- Manufacturing and Re-Manufacturing: defects through the manufacturing or repair process, which was part of the discovery in the research projects.
Figure 8: Generator failure types by volume (Alewine and Penrose, AWEA 2020)
The wind turbine and tower is a relatively complex system, in itself, let alone the wind plant, which we will cover in the next article. The evaluation of the massive amount of data from windpower is part of the reason why large companies initially invested in ‘Big Data,’ as well as remote sensing, and some of the new predictive maintenance methodologies. Overall, the reliability and maintenance industries owe the windpower industry for much of the research that went into these technologies that allow us to use cloud-based, AI, and ML tools for monitoring our systems. These range from remote electrical signature analysis to vibration analysis, and from automatic lubrication systems to oil analysis remote monitoring systems. We also learn, very quickly, the capabilities of these technologies through the number of towers that experience unplanned failures.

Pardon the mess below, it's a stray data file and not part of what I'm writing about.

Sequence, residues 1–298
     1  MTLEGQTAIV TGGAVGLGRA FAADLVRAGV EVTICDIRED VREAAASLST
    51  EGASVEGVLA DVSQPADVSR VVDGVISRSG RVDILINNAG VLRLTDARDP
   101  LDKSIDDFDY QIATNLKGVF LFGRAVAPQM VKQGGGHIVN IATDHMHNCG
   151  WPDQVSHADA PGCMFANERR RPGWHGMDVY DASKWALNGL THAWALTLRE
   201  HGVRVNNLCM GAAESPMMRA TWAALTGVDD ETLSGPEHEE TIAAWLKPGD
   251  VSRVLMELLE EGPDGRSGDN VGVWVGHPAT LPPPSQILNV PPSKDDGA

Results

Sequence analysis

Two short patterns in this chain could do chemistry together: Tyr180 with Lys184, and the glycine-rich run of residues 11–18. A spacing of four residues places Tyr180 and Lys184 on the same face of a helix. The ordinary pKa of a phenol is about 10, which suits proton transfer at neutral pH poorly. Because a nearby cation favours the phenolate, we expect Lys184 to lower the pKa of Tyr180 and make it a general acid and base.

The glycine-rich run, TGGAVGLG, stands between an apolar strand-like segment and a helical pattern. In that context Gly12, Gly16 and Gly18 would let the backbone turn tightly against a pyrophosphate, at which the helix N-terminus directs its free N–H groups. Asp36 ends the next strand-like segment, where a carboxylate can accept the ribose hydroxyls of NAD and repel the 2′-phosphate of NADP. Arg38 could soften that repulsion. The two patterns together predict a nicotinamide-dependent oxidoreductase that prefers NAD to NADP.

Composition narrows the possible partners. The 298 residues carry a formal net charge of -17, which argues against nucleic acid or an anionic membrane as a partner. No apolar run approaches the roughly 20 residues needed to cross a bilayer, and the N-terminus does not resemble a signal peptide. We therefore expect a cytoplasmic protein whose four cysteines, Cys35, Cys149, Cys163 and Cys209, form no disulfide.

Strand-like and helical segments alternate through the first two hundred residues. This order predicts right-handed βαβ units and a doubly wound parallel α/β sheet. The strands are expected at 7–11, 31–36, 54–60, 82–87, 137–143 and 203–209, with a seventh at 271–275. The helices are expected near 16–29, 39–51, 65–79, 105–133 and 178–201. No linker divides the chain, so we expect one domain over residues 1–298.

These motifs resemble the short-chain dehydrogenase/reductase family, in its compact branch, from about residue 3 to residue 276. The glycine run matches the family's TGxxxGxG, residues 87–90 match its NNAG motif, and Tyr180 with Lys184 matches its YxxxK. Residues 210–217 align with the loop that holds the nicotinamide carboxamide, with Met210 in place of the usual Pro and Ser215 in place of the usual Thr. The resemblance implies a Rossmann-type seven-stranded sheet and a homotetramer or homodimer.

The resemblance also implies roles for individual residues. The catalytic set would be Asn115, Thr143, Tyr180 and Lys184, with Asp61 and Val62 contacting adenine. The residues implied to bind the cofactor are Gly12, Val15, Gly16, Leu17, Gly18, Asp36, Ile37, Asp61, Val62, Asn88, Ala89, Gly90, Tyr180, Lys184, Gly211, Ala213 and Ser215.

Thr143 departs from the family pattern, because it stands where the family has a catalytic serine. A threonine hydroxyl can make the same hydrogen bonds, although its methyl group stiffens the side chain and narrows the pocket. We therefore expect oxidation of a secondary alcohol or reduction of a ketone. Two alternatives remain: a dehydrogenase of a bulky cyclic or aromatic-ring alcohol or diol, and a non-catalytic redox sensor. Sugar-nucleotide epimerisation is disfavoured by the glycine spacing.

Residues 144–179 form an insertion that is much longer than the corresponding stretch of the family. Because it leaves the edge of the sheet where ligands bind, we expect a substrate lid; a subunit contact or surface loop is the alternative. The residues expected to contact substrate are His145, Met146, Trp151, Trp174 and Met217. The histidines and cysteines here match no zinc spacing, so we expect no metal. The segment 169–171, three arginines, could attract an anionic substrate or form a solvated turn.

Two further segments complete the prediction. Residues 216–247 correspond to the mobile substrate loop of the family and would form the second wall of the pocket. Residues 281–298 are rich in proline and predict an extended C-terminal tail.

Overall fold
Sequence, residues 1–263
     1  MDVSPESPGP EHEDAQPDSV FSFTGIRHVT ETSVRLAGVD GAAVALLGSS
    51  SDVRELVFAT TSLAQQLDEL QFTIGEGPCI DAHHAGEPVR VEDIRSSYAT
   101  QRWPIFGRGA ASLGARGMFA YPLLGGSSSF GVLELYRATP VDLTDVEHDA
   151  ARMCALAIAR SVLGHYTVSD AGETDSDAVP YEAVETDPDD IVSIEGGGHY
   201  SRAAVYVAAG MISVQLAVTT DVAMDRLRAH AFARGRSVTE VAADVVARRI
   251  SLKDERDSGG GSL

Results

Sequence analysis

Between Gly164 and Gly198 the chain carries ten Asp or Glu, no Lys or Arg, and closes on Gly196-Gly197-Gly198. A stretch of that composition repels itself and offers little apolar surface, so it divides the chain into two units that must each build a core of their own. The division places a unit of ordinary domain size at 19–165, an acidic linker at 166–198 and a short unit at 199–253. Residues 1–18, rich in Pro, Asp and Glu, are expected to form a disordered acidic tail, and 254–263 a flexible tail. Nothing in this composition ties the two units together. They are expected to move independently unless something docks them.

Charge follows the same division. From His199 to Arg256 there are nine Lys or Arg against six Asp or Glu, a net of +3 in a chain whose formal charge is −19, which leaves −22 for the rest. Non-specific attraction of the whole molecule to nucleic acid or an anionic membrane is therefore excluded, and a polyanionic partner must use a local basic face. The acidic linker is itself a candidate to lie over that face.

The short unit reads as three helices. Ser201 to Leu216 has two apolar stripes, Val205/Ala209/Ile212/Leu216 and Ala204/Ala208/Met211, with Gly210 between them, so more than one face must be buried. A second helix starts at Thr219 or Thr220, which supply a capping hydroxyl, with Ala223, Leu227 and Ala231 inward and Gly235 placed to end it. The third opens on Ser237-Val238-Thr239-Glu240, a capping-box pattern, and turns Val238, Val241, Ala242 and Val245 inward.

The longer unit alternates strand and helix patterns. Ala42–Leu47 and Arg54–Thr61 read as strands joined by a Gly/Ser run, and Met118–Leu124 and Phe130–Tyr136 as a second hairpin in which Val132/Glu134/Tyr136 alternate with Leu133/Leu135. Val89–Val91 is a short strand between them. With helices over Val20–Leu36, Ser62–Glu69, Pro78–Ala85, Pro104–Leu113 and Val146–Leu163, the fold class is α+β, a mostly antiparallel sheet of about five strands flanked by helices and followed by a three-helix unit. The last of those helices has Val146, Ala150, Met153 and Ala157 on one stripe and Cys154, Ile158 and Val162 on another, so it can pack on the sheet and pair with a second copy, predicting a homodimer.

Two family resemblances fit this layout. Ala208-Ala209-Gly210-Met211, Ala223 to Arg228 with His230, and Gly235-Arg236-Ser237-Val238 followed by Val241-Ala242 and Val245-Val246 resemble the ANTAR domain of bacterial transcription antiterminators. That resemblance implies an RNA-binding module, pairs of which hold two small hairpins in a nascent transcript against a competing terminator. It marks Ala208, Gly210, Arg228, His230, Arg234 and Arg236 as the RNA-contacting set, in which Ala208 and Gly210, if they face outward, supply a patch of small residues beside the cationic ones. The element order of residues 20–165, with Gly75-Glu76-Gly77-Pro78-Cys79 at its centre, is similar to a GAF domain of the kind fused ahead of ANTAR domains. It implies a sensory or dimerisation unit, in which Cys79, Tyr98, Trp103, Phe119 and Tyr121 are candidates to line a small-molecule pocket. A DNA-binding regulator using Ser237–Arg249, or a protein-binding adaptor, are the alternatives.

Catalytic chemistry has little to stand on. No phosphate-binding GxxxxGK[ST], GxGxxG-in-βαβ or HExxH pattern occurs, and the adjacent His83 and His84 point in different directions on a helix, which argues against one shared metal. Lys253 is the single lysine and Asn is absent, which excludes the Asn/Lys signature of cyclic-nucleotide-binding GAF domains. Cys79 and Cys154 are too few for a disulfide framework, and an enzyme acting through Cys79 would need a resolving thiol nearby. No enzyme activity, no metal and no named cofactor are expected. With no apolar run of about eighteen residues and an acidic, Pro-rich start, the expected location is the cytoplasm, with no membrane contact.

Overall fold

Organizations such as AWEA (American Wind Energy Association) and CanWEA have reliability working groups that work on specific issues with the reliability of the towers. These range from guidelines and guidebooks to other tools and meetings with OEMs and Federal agencies to discuss conditions with components, powertrain, and sites. Overall, the reliability of windpower has been increasing at a rapid pace to a point where wind generation has the lowest maintenance costs per MWh of any power generation type. In this article we have discussed the tower through controls, next we will discuss the site including some of the issues that required resolution from transformers to splices up to the connection with the grid.